Caitlin Sweet's first fantasy novel, A Telling of Stars, was published by Penguin Canada in 2003. Her second, The Silences of Home, was published in 2005. Her one and only short story, "To Play the Game of Men," was included in Daw's Ages of Wonder anthology in 2009. Her novel The Pattern Scars, came out from CZP in 2011, and was nominated for Sunburst and Aurora awards, and reviewed to much acclaim in the Huffington Post. She released a YA title in 2014 with CZP called The Door in the Mountain, which won the 2015 Copper Cylinder Award. The sequel, The Flame in the Maze, came out in 2015.

Pattern Scars by Caitlin Sweet

Nola is born into poverty in Sarsenay City. When her mother realizes that Nola has the gift of Othersight and can foretell the future, she sells her to a brothel seer, who teaches the girl to harness her gift. As she grows up, she embraces her new life, and even finds a small circle of friends. All too soon, her world is again turned upside down when one of them is murdered. When a handsome, young Otherseer from the castle promises to teach her, she eagerly embraces the prospects of luxury beyond what she can imagine and safety from a killer who stalks girls by night. Little does she know that he will soon draw her into a web of murder, treachery, and obsessive desire that will threaten the people and land she holds dear, and that she will soon learn the harshest of lessons: that being able to predict the future has nothing to do with being able to prevent it.

2012 CBC Bookie Award for Speculative Fiction


We all have different things we look for in our favourite books. For me, it's fully developed characters that I can care about and prose that pulls you in and doesn't let you go. Caitlin Sweet's writing provides both, so when I was making up this bundle, I leapt at the chance to include one of Caitlin's books. Not only an Aurora Finalist for best novel in 2012, The Pattern Scars also won the CBC Bookies Award in 2012 for Speculative Fiction. – Douglas Smith



  • "Caitlin Sweet's shimmering prose, already apparent in her debut novel A Telling of Stars, reaches new heights in The Pattern Scars, which is so replete with luminous images and an evocative atmosphere that even now, a week later, these sensations still haunt my memory as if they had been real, a country I visited and would return to again.

    It should have been a relief to awaken from The Pattern Scars, after all its horrors. Yet the richness of the world, the complexity of the main character, and the intensity of her tragedy evoke memories that linger for a long time. It is the rare reader who could read this book and be unaffected—or unscathed."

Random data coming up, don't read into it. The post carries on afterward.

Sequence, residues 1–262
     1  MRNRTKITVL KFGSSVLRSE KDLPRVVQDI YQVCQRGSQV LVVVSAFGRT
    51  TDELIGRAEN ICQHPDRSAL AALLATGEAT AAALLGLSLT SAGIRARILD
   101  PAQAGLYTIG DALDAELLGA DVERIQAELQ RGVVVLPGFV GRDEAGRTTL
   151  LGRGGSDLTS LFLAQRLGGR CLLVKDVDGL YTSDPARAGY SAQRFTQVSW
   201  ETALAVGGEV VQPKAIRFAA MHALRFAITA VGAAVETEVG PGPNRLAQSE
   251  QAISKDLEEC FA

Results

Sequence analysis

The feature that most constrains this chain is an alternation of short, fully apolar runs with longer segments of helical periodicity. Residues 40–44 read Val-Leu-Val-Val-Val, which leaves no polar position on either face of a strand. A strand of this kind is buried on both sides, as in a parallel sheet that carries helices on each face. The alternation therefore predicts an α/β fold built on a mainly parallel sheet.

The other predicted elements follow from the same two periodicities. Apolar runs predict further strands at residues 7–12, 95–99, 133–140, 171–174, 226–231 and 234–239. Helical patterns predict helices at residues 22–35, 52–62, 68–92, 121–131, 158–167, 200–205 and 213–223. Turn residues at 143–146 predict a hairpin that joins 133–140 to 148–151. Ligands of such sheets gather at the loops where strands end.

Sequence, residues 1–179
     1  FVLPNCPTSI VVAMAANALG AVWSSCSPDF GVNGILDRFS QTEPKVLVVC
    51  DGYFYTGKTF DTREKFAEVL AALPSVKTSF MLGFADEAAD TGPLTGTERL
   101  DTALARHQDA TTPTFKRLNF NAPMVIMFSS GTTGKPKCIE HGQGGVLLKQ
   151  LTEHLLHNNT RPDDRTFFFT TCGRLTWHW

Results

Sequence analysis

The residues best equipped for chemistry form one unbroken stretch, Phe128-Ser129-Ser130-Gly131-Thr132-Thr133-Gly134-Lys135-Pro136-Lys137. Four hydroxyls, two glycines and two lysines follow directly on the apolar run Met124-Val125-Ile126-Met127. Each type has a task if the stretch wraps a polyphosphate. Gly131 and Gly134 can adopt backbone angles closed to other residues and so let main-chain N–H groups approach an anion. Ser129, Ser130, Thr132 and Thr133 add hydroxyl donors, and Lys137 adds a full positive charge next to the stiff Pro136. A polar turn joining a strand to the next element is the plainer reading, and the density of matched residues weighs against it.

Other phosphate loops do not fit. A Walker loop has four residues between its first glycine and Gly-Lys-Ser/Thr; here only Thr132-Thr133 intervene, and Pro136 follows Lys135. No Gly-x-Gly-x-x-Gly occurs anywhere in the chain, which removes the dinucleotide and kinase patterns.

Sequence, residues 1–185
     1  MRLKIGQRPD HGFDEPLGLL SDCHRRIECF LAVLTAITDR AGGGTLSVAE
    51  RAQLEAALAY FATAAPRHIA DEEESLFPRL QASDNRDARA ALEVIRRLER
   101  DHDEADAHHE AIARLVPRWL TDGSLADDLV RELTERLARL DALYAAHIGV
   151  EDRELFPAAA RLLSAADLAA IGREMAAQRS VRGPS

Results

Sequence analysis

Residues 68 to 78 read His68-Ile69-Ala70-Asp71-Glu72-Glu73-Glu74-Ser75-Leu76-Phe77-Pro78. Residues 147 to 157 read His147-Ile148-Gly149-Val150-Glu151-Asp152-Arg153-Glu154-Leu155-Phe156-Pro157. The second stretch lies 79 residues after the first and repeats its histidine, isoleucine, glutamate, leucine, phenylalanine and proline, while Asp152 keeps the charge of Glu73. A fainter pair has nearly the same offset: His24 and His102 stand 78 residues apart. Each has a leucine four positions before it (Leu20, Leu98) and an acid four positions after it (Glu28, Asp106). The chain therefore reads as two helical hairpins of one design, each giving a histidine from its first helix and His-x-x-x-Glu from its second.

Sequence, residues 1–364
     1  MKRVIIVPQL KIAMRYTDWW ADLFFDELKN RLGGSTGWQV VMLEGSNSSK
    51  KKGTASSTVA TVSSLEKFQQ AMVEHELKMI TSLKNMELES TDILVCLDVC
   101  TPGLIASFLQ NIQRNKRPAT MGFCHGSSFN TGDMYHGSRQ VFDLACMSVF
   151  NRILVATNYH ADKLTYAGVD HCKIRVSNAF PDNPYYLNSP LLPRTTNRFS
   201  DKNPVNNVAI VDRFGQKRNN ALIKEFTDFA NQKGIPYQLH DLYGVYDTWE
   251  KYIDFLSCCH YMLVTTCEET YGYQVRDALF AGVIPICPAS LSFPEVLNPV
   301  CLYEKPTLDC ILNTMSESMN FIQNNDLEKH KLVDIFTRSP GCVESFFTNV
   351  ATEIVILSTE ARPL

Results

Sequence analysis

– The Huffington Post
  • "Harrowing, but you won't be able to put it down . . . . The Pattern Scars . . . has a lot to say about how relationships can become traps, and how monsters can be attractive and compelling."

    – NPR
  • "A fine, intensely sensual novel full of keenly observed perceptions and shifting emotions."

    – The Edmonton Journal
  • "The Pattern Scars is a courageous piece of storytelling that does not flinch from the fact that Nola can never leave her experience behind, and that although she manages to reclaim part of herself, it is never possible for her to be truly whole again."

    – AE SciFi
  • "[The Pattern Scars] is grim and bloody and soft and speckled with beauty. It shows us the high fantasy hero story through pained, prematurely old eyes, and twists good intentions, noble action, love and hate and talent and choice with a calm and simple authority that is absolute."

    – Ideomancer



A tale was always told, in the lower city and in the castle (and I know, because I've lived in both places): When Teldaru, who was later seer to King Haldrin, was a boy of five, a powerful and much-hated lord ordered him to fetch a flagon of wine. The boy did the lord's bidding, for he had no choice, being a child, and the son of the tavern keeper, and of no account. The lord was already drunk, but he swallowed most of the wine in a few gulps. He set the flagon down unsteadily and it tottered and fell. "Wretch!" he cried at Teldaru, who was still standing there by the table. "You've brought me a faulty cup. And now look—such a mess—only a seer could make sense of it. . . ." The man narrowed his eyes at the dark spatter upon the wood, then shifted them back to the boy. "Make right your clumsiness," he slurred. "Entertain me. Read my future in this pattern and I will withhold the order to have you flogged."